In light of Merriam-Webster dictionary naming “they” the word of the year, I saw it to be fitting to talk some about using preferred pronouns in the classroom.
Using preferred pronouns and recognizing them as valid for all students creates a more inclusive and welcoming environment for all, not just genderqueer students. To some students, having a person of authority (like a teacher) recognize, use, and respect their pronouns is empowering and uplifting. Even for genderqueer students who are not yet comfortable sharing their preferred pronouns, it is important to recognize inclusive pronouns as “normal”. “‘Pronouns are an unavoidable fact of the English language, and people deserve the common decency of being referred to in a way that reflects who they are and how they identify,’” we as teachers have the ability and the responsibility to create an inclusive environment where all students feel seen, heard, and respected (Majileye, 2017). Using a student’s preferred pronouns is just one small way that we can foster a welcoming classroom atmosphere.
Some teachers, however, may have a harder or longer time adapting to the evolution of pronouns. Colleen Clemens, a long-time English teacher, has had to radically change the way she grades and critiques grammar. While her methods look different than they did twenty years ago, she explains her enthusiasm at “the opportunity again to use pronouns to teach about gender discrimination in ways [she] never imagined possible at the start of [her] career, thanks to the singular they” (Clemens, 2016). Clemens has taken the change in times as a way for not only her students to learn and grow, but for herself to evolve as well. She explains that Geoffrey Chaucer and Jane Austen used to write using the singular “they”, and as many English teachers can attest, there is much to learn from the classics. Simply put, “Language matters. It reflects our culture and our constructions of identity” (Clemens, 2016). Even though linguists may speculate on the grammatical soundness of using “they” as a singular pronoun, there are much more important things at stake: the well being and representation of our students. We owe it to them to go a little rouge and to use a grammatical unit on pronouns to open the conversation more and to become more educated on inclusivity and how to be better allies.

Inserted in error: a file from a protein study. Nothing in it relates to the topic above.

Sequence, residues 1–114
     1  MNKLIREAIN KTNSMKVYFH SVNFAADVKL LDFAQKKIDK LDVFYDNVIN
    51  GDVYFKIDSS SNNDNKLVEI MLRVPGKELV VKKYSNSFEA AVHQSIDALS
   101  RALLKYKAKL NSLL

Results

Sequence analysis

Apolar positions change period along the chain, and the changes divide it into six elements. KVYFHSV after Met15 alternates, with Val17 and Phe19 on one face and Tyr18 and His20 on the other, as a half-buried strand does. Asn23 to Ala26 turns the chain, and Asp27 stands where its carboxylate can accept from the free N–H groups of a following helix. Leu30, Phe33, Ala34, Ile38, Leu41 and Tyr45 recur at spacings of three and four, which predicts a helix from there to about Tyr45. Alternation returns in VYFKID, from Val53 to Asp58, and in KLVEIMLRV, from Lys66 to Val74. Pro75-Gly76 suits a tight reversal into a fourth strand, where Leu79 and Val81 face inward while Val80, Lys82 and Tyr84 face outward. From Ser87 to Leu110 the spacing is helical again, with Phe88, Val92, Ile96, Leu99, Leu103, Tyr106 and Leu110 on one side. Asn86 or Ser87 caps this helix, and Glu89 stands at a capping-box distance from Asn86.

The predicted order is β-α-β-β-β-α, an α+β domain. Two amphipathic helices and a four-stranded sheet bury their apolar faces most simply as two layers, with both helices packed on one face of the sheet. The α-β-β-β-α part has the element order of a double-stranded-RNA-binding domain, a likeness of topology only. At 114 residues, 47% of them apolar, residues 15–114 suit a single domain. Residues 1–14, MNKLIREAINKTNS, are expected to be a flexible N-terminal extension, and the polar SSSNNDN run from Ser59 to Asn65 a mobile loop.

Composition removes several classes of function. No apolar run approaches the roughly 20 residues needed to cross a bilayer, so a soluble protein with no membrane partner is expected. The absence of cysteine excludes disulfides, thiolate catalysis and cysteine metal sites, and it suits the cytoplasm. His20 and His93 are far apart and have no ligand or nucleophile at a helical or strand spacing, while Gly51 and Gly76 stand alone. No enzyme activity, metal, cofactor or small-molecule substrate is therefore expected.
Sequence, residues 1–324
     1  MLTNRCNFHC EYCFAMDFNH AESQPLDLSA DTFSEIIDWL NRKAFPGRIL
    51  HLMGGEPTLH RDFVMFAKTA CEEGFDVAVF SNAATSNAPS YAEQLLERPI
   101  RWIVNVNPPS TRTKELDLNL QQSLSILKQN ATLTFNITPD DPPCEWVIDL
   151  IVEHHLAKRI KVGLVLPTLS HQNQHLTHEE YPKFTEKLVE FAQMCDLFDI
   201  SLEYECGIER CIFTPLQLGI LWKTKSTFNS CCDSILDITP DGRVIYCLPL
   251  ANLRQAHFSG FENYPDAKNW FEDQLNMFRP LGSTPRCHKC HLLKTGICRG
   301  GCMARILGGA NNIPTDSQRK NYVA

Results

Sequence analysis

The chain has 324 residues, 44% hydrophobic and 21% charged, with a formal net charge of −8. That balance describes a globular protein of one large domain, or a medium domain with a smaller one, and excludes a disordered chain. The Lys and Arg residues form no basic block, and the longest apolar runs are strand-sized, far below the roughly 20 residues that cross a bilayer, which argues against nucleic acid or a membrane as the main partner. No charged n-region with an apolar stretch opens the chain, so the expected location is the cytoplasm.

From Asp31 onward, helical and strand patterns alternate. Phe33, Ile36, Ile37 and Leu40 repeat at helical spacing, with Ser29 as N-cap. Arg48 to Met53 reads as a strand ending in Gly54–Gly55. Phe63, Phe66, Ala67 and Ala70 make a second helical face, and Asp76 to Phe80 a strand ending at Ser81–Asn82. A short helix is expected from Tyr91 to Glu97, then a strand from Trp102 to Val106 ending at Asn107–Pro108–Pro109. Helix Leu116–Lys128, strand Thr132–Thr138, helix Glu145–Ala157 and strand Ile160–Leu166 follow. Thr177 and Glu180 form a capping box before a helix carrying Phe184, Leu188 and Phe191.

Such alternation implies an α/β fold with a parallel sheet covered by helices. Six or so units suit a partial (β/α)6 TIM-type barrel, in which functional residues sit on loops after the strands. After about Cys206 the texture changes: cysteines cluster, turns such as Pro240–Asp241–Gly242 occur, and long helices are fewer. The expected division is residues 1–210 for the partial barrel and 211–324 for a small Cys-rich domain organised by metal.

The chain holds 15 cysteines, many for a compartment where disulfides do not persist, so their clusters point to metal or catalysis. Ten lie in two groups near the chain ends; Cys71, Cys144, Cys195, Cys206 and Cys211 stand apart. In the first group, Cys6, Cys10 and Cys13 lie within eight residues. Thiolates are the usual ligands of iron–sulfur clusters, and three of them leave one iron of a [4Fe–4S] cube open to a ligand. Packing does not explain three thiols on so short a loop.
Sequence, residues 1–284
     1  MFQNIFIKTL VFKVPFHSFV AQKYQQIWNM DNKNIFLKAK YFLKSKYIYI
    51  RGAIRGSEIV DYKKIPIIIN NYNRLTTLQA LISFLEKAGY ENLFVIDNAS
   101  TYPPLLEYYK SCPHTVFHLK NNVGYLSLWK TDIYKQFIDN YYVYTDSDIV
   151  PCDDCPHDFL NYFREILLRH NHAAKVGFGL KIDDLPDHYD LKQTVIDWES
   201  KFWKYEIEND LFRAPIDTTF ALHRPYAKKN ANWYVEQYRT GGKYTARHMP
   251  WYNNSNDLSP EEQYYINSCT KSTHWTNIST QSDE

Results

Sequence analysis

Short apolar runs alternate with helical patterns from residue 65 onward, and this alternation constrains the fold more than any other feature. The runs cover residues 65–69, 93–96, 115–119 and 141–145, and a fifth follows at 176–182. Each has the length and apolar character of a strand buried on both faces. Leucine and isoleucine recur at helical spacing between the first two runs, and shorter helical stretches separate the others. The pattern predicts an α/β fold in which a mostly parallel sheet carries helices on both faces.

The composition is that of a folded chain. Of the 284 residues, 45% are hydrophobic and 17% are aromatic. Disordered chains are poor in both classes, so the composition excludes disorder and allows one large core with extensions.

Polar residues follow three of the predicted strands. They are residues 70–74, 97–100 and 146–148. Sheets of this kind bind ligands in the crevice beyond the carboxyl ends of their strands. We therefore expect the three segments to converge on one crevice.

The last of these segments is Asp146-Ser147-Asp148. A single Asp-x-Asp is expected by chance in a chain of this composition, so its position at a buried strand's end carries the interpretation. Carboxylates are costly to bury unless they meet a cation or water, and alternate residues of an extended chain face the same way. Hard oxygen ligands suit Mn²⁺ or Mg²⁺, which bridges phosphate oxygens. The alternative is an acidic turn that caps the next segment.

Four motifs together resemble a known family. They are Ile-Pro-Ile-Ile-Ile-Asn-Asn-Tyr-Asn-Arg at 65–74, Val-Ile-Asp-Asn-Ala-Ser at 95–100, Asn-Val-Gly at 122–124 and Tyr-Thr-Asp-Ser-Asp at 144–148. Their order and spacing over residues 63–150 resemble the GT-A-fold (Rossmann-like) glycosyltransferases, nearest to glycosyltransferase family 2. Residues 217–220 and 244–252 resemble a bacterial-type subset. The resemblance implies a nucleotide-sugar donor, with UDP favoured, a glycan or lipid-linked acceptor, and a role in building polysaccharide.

I think that using gender-inclusive pronouns is so crucial in our classrooms to not only educate students on genderqueer identities but to make our genderqueer students feel more represented and included in our classroom and in the academic world. Students ought to feel they are represented in the ways that we speak, read, and write. As such I think it’s important to include literature by or about genderqueer people so students can actively see the singular “they” used in literature and use these examples as mentor texts. Additionally, as someone who did not receive ample education on gender identity until college, I think it is important to take time to include such education alongside pronouns because the two are so closely intertwined.
It is still important for students to recognize that binary pronouns and the plural “they” have been commonly used and accepted for years. Through the knowledge of the past, we can empower our students to create a more inclusive and representative world for the future.
Find Clemens’s article here
Find Majileye’s article here